KALAMUNDA Volunteer Fire and Rescue’s longest serving captain has been awarded an Australian Fire Service Medal for his distinguished service history.
Tony Moiler has attended nearly 4000 incidents since he joined the service in 1978.
Mr Moiler has led the brigade since 1997 as captain, a role that has taken him across the globe including to compete in the World Fire Fighter Games in New Zealand, Canada, Las Vegas and Hong Kong.
“My interest in volunteering began when I was 19 and was working as a trainee for Telstra at the Kalamunda telephone exchange,” he said.
“When I first started it was with gear that I supplied myself with a shared helmet, we had 10 so it was first in best dressed, and a vehicle that we hoped would start.
“It got a couple of push starts in those days.
“Along the way we pushed and fought for improvements and any that were too slow coming, we did them ourselves.
“These days protective equipment is provided at the highest standard and we enjoy the state-of-the-art fire appliances, the same as those used in the inner metropolitan area.”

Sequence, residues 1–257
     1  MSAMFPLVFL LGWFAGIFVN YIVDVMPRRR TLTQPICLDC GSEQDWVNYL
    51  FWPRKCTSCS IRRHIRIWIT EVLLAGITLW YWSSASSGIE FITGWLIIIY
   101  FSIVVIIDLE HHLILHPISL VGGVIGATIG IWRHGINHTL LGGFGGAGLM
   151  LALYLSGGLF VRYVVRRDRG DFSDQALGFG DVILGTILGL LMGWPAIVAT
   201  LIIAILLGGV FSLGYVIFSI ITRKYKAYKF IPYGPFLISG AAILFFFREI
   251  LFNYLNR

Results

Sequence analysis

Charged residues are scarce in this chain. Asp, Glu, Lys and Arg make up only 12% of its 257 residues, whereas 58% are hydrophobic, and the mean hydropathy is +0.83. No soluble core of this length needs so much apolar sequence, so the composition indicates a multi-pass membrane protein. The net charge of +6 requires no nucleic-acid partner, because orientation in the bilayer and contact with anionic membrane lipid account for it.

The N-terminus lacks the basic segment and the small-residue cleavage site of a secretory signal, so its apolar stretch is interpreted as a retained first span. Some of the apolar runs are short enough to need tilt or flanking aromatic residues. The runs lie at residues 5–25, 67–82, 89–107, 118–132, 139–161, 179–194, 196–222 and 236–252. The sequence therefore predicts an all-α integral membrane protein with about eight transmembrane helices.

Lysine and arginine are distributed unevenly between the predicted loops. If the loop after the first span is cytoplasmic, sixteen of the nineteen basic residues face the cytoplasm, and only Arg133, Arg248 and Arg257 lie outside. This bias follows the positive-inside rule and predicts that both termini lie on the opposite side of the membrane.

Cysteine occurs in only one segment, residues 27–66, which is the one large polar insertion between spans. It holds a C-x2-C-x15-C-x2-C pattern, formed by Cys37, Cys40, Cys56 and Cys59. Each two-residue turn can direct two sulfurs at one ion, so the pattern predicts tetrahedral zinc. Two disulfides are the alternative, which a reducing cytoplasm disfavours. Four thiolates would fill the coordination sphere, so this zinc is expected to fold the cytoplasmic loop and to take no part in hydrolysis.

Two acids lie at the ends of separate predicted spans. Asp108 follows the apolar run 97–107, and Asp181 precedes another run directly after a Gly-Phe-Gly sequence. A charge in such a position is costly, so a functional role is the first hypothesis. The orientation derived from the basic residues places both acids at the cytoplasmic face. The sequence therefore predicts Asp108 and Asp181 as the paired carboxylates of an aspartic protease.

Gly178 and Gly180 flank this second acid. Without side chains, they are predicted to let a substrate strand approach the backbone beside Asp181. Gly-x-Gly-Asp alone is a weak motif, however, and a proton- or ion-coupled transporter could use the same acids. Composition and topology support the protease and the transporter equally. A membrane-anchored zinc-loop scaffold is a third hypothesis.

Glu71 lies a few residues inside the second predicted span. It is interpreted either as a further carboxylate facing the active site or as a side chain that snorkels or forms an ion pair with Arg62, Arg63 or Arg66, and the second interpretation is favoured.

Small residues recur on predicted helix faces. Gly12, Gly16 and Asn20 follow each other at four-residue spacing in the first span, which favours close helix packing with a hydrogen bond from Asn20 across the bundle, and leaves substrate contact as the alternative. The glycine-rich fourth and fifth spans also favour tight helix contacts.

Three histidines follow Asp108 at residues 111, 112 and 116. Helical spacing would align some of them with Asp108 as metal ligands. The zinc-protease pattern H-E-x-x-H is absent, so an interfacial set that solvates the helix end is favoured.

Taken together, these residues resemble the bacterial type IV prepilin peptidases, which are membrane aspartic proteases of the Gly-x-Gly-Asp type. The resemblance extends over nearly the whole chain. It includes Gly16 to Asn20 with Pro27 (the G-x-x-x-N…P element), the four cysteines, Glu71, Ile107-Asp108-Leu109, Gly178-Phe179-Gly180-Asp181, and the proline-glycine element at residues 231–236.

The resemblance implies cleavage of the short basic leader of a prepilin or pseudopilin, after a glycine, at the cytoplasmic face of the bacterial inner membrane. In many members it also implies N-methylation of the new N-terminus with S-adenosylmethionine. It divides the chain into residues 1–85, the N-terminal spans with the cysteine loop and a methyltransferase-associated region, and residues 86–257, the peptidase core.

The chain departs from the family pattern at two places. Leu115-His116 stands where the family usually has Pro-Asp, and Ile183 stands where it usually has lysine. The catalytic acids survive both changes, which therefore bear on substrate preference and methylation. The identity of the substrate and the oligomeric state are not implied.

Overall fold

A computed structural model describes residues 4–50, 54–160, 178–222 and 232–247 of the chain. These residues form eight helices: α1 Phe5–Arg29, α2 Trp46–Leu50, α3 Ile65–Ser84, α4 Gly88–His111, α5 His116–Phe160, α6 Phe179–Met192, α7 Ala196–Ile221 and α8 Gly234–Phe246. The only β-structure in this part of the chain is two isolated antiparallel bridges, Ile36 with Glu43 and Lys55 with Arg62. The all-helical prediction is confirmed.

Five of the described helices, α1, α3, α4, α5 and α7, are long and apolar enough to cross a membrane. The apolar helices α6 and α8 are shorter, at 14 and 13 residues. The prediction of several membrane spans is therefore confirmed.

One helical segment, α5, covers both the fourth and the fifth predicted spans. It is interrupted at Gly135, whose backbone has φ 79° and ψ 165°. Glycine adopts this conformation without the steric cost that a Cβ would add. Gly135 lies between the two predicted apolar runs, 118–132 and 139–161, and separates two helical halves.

Mr Moiler said many volunteers at the service stayed for life.
“Once you start volunteering you don’t think I’ll do a few seasons like footy,” he said.
“It is a lot of commitment and dramatically different to volunteering for a bush fire brigade where you are typically busy just during the fire season.
“The Fire and Rescue Service is busy 24/7, all year round.
“We have quite a few members with long tenures and generally people stay for life unless their circumstances change.”
Mr Moiler said the nature of the job naturally carried with it highs and lows.
“When we get called out to loss of life traffic accidents and see people’s homes destroyed by fire we have to remember that we didn’t create the tragedy and when we go out we are doing the best that we can.
“If the outcome isn’t so great we don’t take it personally.
“But when we save properties, save someone’s life in an accident and make a difference, that is an amazing feeling.”
Mr Moiler said amongst the tragedies the role provided light-hearted moments.
“I’ve had some weird callouts over the years,” he said.
“We were called to the edge of the scarp once with reports of a huge fire in Lesmurdie.
“We got there only to realise people were reporting the sun setting. We didn’t have a hose long enough to put that fire out.
“Another odd incident we attended was a little Jack Russell that went down a rabbit hole in Jorgensen Park.
“It was dark and raining but we found a way into the burrow to rescue the dog.”